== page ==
UPDATE: Cherry Pickers File Lawsuit Against Yakima Valley Farm - NBC Right Now/KNDO/KNDU Tri-Cities, Yakima, WA |

UPDATE: Cherry Pickers File Lawsuit Against Yakima Valley Farm

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Cherry pickers file lawsuit against owners of Yakima Valley farm Cherry pickers file lawsuit against owners of Yakima Valley farm

OUTLOOK, WA.- Some workers at an Outlook vineyard have filed a lawsuit this week, allegding they never received the wages promised to them and the company denied their pay without any warning.

    

Columbia Legal Services announced the lawsuit Tuesday, they say Upland Vineyards offered their workers $3.25 per bucket of cherries picked during the 2014 harvest season. Then without warning the workers claim their pay decreased and they weren't given rest breaks.

    

Workers ended up protesting the changes and say they were fired and run off the property. Columbia Legal Services told us these workers have rights and quote "can't be fired for asking for the pay they were promised".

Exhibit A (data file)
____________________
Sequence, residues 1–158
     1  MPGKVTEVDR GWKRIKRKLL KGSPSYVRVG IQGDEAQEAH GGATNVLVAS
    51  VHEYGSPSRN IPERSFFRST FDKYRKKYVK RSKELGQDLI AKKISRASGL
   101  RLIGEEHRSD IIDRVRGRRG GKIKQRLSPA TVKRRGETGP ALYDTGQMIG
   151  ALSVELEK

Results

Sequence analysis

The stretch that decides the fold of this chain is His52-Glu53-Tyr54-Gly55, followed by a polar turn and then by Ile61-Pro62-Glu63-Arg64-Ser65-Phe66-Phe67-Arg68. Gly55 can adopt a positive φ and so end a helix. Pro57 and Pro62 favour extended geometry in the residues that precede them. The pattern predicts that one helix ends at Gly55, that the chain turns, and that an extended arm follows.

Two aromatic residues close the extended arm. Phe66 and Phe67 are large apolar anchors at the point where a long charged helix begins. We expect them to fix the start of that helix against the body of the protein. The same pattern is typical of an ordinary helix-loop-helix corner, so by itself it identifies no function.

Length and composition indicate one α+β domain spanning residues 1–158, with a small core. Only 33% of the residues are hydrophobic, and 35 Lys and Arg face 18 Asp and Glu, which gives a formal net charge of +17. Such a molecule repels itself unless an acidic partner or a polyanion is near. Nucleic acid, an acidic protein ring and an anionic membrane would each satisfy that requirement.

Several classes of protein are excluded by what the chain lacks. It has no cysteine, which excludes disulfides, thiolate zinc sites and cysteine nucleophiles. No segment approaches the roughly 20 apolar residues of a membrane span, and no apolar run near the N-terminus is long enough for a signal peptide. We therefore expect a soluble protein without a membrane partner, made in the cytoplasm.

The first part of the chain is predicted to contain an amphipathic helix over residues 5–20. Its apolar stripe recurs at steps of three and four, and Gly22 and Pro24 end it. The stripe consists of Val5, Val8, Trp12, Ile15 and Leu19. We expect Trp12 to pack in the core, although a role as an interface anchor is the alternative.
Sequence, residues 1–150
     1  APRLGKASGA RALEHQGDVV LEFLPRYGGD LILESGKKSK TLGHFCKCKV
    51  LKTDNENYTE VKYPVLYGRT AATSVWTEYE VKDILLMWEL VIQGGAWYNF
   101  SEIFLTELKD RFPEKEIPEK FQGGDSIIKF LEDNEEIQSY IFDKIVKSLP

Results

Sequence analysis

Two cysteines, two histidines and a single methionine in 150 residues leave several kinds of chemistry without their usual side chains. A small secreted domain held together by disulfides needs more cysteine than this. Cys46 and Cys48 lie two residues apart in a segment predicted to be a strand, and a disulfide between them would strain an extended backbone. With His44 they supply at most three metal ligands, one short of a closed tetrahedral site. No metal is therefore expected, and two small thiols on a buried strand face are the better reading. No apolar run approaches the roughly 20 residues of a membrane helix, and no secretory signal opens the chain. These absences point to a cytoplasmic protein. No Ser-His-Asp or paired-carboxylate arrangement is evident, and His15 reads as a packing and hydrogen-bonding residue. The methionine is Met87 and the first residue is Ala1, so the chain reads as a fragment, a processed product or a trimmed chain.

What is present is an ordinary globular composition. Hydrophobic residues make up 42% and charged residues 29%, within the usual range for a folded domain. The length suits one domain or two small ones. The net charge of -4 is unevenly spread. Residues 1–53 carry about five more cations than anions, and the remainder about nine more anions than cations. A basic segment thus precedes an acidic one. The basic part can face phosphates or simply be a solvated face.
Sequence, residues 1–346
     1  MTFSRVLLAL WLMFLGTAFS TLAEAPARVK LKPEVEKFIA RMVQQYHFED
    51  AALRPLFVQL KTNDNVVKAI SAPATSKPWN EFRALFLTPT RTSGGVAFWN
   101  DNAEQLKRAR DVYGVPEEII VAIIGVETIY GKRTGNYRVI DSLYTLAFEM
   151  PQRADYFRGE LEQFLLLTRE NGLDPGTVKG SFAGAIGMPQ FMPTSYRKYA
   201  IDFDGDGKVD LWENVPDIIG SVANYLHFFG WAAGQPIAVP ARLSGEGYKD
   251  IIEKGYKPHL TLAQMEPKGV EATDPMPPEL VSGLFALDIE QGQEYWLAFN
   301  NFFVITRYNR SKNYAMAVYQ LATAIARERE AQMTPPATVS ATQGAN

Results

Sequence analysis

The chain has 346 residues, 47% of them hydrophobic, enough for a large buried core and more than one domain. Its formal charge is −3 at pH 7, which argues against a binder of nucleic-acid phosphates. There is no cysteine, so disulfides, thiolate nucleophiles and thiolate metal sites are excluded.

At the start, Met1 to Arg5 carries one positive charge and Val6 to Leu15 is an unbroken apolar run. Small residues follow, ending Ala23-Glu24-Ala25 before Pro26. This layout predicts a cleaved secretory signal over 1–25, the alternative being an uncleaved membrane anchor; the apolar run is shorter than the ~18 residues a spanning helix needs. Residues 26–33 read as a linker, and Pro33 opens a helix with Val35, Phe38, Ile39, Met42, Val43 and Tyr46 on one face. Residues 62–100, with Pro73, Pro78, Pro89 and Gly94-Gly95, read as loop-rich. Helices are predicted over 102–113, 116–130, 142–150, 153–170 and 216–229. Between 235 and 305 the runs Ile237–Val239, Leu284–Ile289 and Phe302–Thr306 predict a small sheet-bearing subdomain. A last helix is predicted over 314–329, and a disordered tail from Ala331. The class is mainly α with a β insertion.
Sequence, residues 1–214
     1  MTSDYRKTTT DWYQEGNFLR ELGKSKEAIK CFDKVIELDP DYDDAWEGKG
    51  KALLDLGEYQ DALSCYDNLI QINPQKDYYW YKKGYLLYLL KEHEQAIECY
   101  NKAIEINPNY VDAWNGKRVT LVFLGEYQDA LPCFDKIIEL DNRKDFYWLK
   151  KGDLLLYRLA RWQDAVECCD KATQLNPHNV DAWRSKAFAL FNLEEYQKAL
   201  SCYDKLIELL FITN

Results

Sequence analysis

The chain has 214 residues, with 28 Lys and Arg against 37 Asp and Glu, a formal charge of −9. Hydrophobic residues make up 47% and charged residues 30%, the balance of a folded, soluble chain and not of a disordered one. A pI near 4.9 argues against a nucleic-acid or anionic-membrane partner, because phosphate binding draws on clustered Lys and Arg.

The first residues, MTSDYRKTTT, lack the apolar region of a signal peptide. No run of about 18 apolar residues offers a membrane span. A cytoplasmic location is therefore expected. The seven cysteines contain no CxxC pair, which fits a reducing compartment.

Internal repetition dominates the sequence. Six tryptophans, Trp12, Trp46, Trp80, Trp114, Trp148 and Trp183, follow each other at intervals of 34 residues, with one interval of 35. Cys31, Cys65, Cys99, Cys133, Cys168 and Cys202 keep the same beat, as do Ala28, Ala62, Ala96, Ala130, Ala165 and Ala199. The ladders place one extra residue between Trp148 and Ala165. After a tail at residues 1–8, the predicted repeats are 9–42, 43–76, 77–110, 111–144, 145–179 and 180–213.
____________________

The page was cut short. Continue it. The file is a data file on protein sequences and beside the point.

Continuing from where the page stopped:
"In Washington you can't just fire workers because they are asking to be paid what they were promised. Washington law protects all workers who raise concerns with their boss about their wages and working conditions and my clients seek to enforce those protections," Attorney David Solis explained.

    

According to the lawsuit, 70 workers have been fired after the dispute. We did reach out to Upland Vineyards and their attorney, but haven't received a call back.

YAKIMA, Wash. (AP) - Dozens of cherry pickers have filed a lawsuit against the owners of a Yakima Valley farm contending they were fired after complaining that their pay was lowered partway through the harvest.
 
Columbia Legal Services filed the federal court lawsuit on Tuesday.
 
The workers allege that Upland Vineyards offered $3.25 per bucket of cherries for three days of the June 2014 harvest, then lowered the price without warning on the fourth day.

The lawsuit contends that nearly 70 workers were fired and run off the property when they complained about the change.
 
Brendan Monahan, a Yakima attorney representing Upland, disputed the allegations. He says the drop in pay came when the harvest switched from one type of cherry to another.

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